Photo Credit: Interscope Records
It was in February of this year that Lady Gaga declared, “earth is canceled,” and it’s obvious that earth heard her. Chromatica is Gaga’s sixth album, her about-face back into the slippery and bombastic realm of Stefani Germanotta, the pop star, and her official departure to another planet. This record finds the myth of Gaga fully-realized; she’s an Oscar-winning actress, a two-time Super Bowl veteran, a leading voice in beauty and cosmetics, and now an author. Her nature as a chromatic chameleon has always been her biggest advantage and on Chromatica, the process of reinvention is all in her mind.
Gaga’s lyrics have always explored brave feelings while affronting with shockingly dark honesty, and her new explorations into her psyche reveal some terrifying truths. “Replay” is a stunning, sledgehammering dancefloor cut that flips a sample from “It’s My House” by Diana Ross into a spiraling hook that soundtracks Gaga’s battle with PTSD. “The scars on my mind are on replay,” she cries with dramatic gusto. “911”, a crunchy electro-pop nightmare helmed by French producer Madeon alongside the album’s executive producers BloodPop and Benjamin Rice, is an analysis of her manic relationship with antipsychotic medication. Gaga chants about her illustration of trauma in rapid-fire fashion: “Keep repeating self-hating phrases // I have heard enough of these voices,” and, “Keep my dolls inside diamond boxes // Save ‘em ‘til I know I’m gon’ drop this” – dolls being her pills.
Much of this pain and trauma is manifested in how she presents herself to the world, always disguised in garish wares and new designs. Her grasp on her own public perception is incomparable to that of any modern peer; Chromatica is somehow all at once a paean to her career, a manifesto for her fans, a crowd-pleasing return to dance-pop, and a massive career risk; radio has shifted to largely shun the glimmering pop that Gaga built her career on in favor of embracing R&B and hip hop, and her recalibrations on this album are suited with that in mind. “Rain On Me” debuted atop the Billboard Hot 100 with the assistance of chart juggernaut Ariana Grande and an interpolation of the bassline from Gwen McCrae’s “All This Love That I’m Givin’.” “Sour Candy” features K-pop supergroup BLACKPINK and samples the deep-house hit “What They Say” by Maya Jane Coles. Chromatica indebts itself to black artists and black music and makes it known by liberally sharing writing and production credits.
The best moments on Gaga records are the parts that are the most undeniably Gaga – as one of this century’s only superstars who is a certifiable diva in the truest sense, her outsized personality is unstoppable even when she’s working with material co-written by others (it should be noted that she has never released a song she doesn’t have writing credits on, excluding covers). Chromatica is Gaga’s most sonically cohesive record yet, but she truly shines in the quirkiest moments: the way she draws out the word “love” on “Stupid Love”, her contralto chanting on “Rain On Me” and “Sour Candy”, her guttural roar on “Enigma.” Notably, nowhere is Gaga more Gaga than on album closer “Babylon”, a vogueing track replete with a saxophone, a church choir, alliterative wordplay, and some exceptional over-pronouncing of the word “gossip.” Like all the wackiest tracks on each of her previous records, “Babylon” succeeds because it doesn’t take itself seriously in the slightest. Who really cares if the beat sounds like Madonna’s “Vogue”? “Money don’t talk, rip that song,” Gaga winks in the chorus. “That’s gossip.”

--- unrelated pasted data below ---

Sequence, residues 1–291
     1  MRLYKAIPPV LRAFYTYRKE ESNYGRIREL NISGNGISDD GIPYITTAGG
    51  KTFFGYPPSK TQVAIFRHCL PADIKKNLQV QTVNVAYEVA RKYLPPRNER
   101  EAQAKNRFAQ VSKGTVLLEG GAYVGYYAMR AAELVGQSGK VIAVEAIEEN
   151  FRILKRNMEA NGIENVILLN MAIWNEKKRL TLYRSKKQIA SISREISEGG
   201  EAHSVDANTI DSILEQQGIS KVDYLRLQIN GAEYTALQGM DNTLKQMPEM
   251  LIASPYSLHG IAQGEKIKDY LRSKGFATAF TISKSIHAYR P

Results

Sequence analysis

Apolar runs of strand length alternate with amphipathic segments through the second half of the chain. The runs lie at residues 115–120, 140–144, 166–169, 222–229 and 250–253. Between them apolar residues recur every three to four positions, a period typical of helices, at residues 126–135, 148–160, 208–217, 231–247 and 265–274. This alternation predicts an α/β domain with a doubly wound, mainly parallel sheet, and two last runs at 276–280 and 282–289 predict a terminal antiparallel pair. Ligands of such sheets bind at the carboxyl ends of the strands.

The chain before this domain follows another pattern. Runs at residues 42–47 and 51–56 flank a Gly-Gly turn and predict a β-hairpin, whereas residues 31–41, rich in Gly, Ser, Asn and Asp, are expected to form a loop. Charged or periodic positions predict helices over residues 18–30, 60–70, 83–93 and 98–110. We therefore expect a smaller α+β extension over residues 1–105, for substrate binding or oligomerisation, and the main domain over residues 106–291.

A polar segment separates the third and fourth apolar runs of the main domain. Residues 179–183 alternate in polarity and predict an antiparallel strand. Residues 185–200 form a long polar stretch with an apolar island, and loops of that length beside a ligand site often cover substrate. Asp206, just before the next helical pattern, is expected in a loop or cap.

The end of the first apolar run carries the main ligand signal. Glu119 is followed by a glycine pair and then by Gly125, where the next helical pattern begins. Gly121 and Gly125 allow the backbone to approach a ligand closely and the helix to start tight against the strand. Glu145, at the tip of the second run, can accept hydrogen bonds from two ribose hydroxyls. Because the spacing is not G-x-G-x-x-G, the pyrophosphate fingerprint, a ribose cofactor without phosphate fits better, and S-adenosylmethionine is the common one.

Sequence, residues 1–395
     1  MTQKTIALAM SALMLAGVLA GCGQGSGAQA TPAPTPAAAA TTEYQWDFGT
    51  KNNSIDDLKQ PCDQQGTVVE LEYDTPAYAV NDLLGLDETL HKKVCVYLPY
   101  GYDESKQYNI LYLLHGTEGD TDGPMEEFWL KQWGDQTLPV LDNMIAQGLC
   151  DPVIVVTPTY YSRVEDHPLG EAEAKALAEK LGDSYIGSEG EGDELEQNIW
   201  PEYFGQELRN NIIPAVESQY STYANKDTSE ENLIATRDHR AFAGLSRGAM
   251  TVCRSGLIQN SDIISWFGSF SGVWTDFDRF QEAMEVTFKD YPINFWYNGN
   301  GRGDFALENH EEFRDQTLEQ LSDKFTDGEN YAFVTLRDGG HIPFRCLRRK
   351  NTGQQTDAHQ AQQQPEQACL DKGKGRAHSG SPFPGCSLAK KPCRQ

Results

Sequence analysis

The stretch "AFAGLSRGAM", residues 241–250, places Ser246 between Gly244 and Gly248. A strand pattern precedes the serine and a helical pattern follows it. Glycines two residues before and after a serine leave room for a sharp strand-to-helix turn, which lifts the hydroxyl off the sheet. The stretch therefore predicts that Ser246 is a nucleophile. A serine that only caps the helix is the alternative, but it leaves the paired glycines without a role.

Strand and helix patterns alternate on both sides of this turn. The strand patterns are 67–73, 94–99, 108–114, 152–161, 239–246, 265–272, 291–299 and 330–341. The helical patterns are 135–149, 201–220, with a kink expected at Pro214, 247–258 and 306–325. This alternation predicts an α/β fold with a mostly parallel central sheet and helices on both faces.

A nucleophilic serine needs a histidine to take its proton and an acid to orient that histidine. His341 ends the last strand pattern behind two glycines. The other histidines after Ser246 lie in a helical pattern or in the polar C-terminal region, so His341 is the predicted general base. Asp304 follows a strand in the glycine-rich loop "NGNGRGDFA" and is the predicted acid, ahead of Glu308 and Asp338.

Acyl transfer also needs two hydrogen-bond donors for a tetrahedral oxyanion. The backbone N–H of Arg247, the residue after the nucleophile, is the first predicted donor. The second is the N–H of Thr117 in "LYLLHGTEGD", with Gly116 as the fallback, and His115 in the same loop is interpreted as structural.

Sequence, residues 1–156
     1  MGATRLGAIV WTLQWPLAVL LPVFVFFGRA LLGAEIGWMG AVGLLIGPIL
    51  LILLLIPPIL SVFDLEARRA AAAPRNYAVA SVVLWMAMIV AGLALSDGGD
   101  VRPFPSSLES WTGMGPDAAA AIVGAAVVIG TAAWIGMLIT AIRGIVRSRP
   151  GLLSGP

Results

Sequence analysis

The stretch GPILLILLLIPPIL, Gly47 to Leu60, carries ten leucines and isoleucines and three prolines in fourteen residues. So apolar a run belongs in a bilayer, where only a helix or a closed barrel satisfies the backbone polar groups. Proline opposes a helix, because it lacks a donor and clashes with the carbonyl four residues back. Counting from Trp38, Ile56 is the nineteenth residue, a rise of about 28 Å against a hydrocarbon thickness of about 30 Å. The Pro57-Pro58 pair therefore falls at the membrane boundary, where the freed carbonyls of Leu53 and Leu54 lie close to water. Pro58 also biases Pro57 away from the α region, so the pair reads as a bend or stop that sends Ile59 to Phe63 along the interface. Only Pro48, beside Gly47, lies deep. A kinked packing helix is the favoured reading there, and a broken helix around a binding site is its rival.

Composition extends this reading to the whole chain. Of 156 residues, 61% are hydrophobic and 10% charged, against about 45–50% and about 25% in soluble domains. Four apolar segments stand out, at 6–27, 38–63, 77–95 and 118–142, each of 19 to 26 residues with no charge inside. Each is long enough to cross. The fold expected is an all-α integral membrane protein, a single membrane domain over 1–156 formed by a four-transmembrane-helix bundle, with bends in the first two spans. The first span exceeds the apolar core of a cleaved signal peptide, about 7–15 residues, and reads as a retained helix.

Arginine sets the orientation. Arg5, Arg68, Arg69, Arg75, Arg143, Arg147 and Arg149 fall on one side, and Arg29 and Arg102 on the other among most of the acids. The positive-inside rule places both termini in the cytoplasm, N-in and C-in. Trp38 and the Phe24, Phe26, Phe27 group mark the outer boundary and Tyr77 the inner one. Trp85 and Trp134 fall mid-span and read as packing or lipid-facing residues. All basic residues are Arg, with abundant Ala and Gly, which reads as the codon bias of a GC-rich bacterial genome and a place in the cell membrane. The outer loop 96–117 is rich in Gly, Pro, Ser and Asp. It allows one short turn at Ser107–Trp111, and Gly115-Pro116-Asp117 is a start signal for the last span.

The most intense critique to be leveled at Chromatica is how concise it is. Each song is tightly wound and spares absolutely no room to breathe – six of the album’s thirteen songs clock in under three minutes, and the rest don’t last much longer than that. The album’s runtime is shockingly short, conducive to repeat listens, and offers an uncharacteristically streamlined experience. But with Gaga, a streamlined experience can wreak of commercialization rather than editing and fine-tuning.
It’s tantalizing to dream of her getting lost in five-, six-, even seven-minute takes of some of these songs and truly reveling in the house and disco music she was inspired by, but Gaga has always been one of the most efficient pop writers in the game with a high ratio of musical hooks to total album runtimes. It’s also never been an ideal of hers to give anyone exactly what they want. On the album’s opener “Alice”, a nod to Lewis Carroll’s eternal heroine, Gaga prays to the musical gods with desperation in a plea that could just as easily be one of her Little Monsters crying out to her: “Maestro, play me your symphony // I will listen to anything // Take me on a trip, DJ, free my mind.”